Weed nowadays in Slovenia
Slovenia The Republic of Slovenia has a long history of hemp and cannabis use, and has long been a transit point for cannabis grown in Albania and transported to western Europe. Currently, industrial hemp is widely grown, and consumption of cannabis itself is not criminalized.
Legal aspects concerning consumption, possession and cultivation of cannabis
Cannabis consumption and possession
The consumption of cannabis (or indeed, any other drug) is not considered a criminal offence in Slovenia, and is not punishable by law. Cannabis is the most widely-used illicit drug in Slovenia, and the retail price for a gram of high-quality indoor cannabis is reported to be in the region of €8.
According to the European Monitoring Centre for Drugs and Drug Addiction (EMCDDA), possession of cannabis or any other illicit substance, in any amount, is subject to a fine of €200–€265. However, somewhat confusingly, it then goes on to state that possession of a “smaller quantity for one-off personal use” is subject to a fine of €40–€200.
If the individual voluntarily enters into a treatment or rehabilitation order, the fine may be waived or reduced.
Sale of cannabis
The sale of cannabis is illegal under Slovenian law, and is subject to custodial sentences of 1–10 years. Aggravated circumstances, such as supply within school premises, are subject to custodial sentences of 3–15 years, and involvement in a criminal organization increases penalties to 5–15 years. Sentences may be suspended if certain measures are met, including participation in treatment or rehabilitation orders.
Cultivation of cannabis
Cultivation of low-THC (less than 0.2%, as per EU regulations) cannabis on an area smaller than 0.1 hectares is legal in Slovenia, and does not require a license. Cultivation of low-THC cannabis on an area greater than 0.1 hectares is legal, but requires a government license.
Cultivation of high-THC cannabis is illegal, even for medical purposes. However, in practice it appears that a thriving subculture of cannabis cultivation takes place in Slovenia, and that the law regarding THC limits for small crops is not necessarily well-enforced. On the other hand, there are reports of individuals who had their crops seized despite the fact that they truly were growing low-THC hemp and not cannabis!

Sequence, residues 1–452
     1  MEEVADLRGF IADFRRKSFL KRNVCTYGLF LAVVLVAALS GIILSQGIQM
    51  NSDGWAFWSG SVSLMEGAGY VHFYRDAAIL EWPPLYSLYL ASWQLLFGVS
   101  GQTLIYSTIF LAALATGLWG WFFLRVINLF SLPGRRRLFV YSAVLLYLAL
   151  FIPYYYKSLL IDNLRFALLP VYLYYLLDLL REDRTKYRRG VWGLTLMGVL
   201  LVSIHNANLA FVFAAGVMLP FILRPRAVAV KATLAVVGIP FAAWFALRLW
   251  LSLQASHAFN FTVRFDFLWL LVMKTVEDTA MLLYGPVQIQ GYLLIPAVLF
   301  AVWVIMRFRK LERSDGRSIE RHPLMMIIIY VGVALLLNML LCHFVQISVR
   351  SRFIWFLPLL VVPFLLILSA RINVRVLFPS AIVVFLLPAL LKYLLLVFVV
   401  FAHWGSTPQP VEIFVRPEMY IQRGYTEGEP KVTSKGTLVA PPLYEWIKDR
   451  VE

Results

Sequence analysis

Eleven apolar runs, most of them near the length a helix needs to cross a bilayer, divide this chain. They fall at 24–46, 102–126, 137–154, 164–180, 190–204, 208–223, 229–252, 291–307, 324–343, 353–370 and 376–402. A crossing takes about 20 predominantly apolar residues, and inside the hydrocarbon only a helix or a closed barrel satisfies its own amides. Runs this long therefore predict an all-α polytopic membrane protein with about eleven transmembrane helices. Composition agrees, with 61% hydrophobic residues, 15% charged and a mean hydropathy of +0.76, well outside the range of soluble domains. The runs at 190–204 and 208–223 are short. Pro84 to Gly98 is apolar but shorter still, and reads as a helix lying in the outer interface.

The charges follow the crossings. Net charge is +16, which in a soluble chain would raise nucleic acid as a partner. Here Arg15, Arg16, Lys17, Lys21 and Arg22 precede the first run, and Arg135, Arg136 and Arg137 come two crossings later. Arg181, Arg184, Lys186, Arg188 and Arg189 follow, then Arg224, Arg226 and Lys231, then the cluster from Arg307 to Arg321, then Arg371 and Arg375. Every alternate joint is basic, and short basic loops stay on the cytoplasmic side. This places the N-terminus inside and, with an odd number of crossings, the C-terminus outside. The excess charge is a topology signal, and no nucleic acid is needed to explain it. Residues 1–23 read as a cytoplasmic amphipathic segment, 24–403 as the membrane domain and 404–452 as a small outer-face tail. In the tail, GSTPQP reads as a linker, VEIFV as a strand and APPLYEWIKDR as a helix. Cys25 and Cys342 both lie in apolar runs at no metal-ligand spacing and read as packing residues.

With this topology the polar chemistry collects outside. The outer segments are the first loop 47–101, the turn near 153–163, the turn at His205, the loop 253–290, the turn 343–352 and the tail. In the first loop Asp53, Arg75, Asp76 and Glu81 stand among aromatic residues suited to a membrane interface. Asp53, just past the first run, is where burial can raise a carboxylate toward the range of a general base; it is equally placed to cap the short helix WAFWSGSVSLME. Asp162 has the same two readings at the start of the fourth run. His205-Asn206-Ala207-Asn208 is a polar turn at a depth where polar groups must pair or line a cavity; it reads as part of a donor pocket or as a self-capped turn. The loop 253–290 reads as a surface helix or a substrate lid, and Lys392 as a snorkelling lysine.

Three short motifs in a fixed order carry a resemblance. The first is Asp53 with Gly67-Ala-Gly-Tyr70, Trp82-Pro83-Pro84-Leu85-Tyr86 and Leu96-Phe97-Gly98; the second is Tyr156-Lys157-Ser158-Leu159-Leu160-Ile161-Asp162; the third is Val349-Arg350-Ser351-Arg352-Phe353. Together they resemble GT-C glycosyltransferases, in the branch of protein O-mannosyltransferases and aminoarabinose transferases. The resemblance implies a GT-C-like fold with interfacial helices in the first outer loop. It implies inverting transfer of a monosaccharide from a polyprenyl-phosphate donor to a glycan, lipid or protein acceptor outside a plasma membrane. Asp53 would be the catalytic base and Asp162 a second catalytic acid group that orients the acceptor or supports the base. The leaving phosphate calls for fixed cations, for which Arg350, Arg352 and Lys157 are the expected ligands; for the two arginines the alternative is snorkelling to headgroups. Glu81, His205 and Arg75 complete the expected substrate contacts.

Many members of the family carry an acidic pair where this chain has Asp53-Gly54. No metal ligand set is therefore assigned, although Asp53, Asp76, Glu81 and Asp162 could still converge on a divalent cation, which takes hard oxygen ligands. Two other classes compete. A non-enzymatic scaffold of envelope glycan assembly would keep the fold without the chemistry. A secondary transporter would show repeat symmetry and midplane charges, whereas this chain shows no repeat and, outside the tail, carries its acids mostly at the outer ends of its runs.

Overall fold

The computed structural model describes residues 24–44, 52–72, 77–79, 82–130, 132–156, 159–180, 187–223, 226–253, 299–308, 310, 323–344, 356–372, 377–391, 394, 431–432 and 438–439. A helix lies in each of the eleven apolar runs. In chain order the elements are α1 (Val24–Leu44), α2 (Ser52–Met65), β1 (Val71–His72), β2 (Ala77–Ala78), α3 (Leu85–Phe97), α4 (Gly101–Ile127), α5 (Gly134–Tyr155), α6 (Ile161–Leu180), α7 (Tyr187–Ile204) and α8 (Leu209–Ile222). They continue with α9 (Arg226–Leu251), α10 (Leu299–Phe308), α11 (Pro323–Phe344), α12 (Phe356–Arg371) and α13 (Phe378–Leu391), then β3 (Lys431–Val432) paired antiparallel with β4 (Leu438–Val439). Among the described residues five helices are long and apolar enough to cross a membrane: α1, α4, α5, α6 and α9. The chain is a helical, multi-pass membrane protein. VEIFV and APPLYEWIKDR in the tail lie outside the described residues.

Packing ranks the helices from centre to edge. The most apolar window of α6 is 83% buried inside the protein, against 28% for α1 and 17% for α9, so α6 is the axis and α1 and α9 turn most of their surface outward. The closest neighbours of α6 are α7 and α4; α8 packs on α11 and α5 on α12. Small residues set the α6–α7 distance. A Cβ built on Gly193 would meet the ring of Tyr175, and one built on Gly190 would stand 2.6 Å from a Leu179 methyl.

It is reported that around a decade ago, the vast majority of the cannabis sold in Slovenia originated in Albania, but since the passing of lighter penalties for possession in 2008, the country now produces 80-90% of its cannabis domestically.
Medicinal cannabis in Slovenia
Medicinal cannabis does not yet exist in Slovenia, in legal terms. In recent years, the small nation has had intense debate over the potential of medical cannabis, even bringing the famous activist Rick Simpson to debate the pros and cons in a parliamentary session in 2012.
Indeed, it seems that the oil has been available in Slovenia for some time, since Simpson travelled there to share knowledge on how to produce it at the World Hemp Congress 2012 in the town of Lendava, and it seems that there are multiple people benefitting from its use, although no data is available.
In recent years, the ban on medical cannabis has been challenged by the appearance of cannabis social clubs in Slovenia, of which the most notable is Slovenski Konopljin Socialni Klub (SKSK). SKSK has put consistent pressure for legislative change on the Slovenian government, and there are signs that it may be beginning to pay off.
The perceived benefits of medical cannabis are becoming well-enough known that increasing calls are being made for its availability in Slovenia. In February 2014 two medical bills were rejected by the parliamentary Health Committee, but just months later in June 2014, the government of Slovenia adopted provisions allowing for the supply of medical cannabis after all. At this stage, it appears that a supply framework has not yet been established.
Industrial hemp in Slovenia
Officially, the hemp industry is just 10 years old in Slovenia, as the nation joined the European Union in 2004 and accordingly adopted its laws and regulations, which of course included the industrial hemp laws. Since then, the nation has embraced the revival of its ancient harvest traditions, and in many ways seems to be determined to keep them exactly as they were in the past, even going so far as to harvest fields by hand and incorporate pagan ritual into their harvest ceremonies.
The enthusiasm and belief in the movement among many of Slovenia’s hemp industrialists is striking, and it is clear that this is an industry that is here to stay. Just outside the capital city of Ljubljana, situated in low-lying, fertile land in the middle of a national park, lies the Country Estate Trnulja – a fully organic working farm, which comprises fields (which can be toured by arrangement) of hemp, a restaurant that produces delicate hemp-based dishes directly from the crops the farm produces, and even a number of beautifully-designed chalet-style apartments that can be rented throughout the year (except February, when owners Urša and Miha are on holiday).
Tourism in Slovenia is fairly underdeveloped, and as such, the country is ideal for the development of small eco-tourism resorts that are well-designed to be in keeping with (and possibly even benefit) their environment. Country Estate Trnulja is an ideal example of this, and in coming years, hemp tourism in Slovenia may really become established.